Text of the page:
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Canon XL and GL Series DV Camcorders
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Old August 27th, 2005, 10:48 PM   #1
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Basic filter packages

I was hoping that I could quiz folks who have more expertise in the shooting to suggest a selection that would be the basis of a good basic filter package.

What I am shopping for is a filter package that would maximize my camera's ability to shoot "film like" footage.

So, if you were to put together a filter set that would serve you in as may as shooting situations as possible, what would you choose?

Perhaps a better way is to put together three filter sets.

1. Your favorite set, no cost limit.

2. Your favorite set, $1000 max.

3. Your favorite set, $500 max.
Michael Escher is offline   Reply With Quote
Old August 28th, 2005, 12:29 AM   #2
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film cameras and video cameras use the same filters. i'm not aware of any video filter that will give you a film look. a soft focus filter, like a black pro mist 1/2 (which i've used) or a black diffusion 1/2 (which i have not used) can help, but i'd rather turn down the sharpness on the camera. it has the added benefit of reducing noise a bit.
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Old August 28th, 2005, 10:17 AM   #3
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black frost is good to have a film look.
http://www.centuryoptics.com/product...ffusion/bf.htm

and century optics is the best brand. at least i think so.

and i shoot everything with circular polarizer, sometimes combined with the built in neutral density filter
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Old August 28th, 2005, 10:30 AM   #4
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I second the black frost recommendation. I don't know that it makes video look like film, but it's a nice effect.
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Old August 28th, 2005, 10:44 AM   #5
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1/8, 1/4, 1/2, full black promist are good to have in your arsenal at all times to take the edge off of video. White Promists (aka Promist) are also handy sometimes for a "happy" look. Good for "flashback" scenes, or interviews of wrinkly people.

I also very often use a Tiffen Soft Contrast 1 in place of a permanent UV or Sky filter. It is one of those filters that you can just screw in, leave on, and use for every application. It lowers the contrast slightly and distributes the light in your highlights to the mids, without diffusing, essentially extending the latitude of your image before reaching the CCD.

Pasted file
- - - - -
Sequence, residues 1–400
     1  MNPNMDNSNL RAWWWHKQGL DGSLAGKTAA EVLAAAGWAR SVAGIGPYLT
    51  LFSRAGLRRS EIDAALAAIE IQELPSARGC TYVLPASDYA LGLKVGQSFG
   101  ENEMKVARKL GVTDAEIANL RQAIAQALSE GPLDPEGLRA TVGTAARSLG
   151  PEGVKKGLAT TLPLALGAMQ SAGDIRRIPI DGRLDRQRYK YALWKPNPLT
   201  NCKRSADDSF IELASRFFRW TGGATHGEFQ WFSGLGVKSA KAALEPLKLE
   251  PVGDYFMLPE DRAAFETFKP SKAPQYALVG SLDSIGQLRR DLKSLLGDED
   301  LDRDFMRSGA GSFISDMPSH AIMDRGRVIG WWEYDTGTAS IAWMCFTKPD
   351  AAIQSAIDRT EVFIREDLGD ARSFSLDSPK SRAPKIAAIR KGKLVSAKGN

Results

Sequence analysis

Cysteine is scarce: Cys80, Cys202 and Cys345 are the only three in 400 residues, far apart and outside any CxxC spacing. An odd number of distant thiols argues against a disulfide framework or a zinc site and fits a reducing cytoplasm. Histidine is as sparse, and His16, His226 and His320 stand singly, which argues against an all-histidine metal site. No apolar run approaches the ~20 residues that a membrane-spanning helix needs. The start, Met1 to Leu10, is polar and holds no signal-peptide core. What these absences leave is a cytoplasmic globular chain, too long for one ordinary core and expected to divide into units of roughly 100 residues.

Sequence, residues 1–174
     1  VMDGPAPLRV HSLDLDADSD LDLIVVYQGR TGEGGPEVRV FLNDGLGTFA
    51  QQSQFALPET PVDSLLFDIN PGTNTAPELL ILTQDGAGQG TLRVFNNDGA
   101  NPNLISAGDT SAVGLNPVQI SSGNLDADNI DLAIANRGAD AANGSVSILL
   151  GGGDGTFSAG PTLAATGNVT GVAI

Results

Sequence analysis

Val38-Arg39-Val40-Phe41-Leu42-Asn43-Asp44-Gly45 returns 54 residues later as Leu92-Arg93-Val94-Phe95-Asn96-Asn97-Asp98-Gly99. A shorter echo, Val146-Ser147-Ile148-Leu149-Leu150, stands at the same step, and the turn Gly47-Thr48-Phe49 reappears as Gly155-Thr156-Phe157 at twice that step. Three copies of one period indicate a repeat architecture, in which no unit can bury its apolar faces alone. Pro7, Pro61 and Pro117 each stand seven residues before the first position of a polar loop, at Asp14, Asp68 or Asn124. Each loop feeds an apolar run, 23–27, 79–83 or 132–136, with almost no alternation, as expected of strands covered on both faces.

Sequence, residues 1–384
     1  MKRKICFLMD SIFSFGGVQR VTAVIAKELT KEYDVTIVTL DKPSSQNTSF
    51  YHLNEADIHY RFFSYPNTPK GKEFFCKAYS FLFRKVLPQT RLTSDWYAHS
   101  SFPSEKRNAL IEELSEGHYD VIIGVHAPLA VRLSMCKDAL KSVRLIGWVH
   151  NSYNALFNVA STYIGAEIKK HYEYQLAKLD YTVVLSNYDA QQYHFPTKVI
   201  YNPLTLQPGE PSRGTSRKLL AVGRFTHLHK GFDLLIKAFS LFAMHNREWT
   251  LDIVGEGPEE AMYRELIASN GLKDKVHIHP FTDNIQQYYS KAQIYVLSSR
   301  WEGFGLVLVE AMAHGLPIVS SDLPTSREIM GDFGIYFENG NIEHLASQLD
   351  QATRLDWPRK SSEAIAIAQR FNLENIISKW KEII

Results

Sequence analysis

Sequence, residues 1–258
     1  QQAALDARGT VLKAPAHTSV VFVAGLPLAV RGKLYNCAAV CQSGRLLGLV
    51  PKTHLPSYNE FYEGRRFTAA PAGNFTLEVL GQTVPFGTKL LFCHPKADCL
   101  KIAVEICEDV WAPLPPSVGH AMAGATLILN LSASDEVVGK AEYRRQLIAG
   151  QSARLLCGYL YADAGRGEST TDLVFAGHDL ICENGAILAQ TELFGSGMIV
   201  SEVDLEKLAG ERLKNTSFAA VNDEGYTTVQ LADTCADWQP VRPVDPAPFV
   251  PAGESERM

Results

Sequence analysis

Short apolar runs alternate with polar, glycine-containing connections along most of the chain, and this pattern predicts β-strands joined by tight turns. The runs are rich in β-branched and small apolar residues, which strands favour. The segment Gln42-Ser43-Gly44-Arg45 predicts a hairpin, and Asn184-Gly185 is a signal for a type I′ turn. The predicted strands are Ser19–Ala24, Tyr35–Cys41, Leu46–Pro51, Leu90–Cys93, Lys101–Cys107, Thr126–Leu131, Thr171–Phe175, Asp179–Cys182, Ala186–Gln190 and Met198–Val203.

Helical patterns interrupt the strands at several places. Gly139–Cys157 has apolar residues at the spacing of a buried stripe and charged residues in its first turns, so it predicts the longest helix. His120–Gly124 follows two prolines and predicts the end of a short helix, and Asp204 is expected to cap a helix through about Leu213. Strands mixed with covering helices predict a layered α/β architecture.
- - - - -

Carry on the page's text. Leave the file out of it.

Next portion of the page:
I also like to use a "Linear" Polarizer for different purposes, but it won't work with the 14x manual lens because the lens rotates as you focus. It will work fine with the 16x manual servo or the white lenses.
I use linear so that I can "dial in" the amount of the effect. For example, when making blue skies bluer, you can rotate and adjust how blue/dark you want to go.
For reflections, you can do a neat "rack" reflection. For example, shoot from outside through a window and then rotate the polarizer until the reflection in the window reveals the villain. That sort of stuff.

I also have a few ND grads of various strengths for landscape shots that I use quite often.

Tim

http://www.TimDashwood.com
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Old August 29th, 2005, 03:43 PM   #6
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Does anyone have a source for used filters in Los Angeles? I heard about a place called the Filter Factory in NYC but would prefer to buy local so I can take a look at the filters before I buy. I may be wrong, but I am assuming that buying the filters used that I could save some $$$.
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Old August 29th, 2005, 07:20 PM   #7
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I'd try Birns & Sawyer. Excellent service. Not a sponsor I know, but this is a pretty specialized request.
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Old August 29th, 2005, 09:35 PM   #8
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Tim,
Who makes the "promist"?
Bruce Yarock
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Old August 29th, 2005, 11:21 PM   #9
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Quote:
Originally Posted by Marco Leavitt
I second the black frost recommendation. I don't know that it makes video look like film, but it's a nice effect.
well let's say it gives the second half of film look on video that 24p doesn't do.
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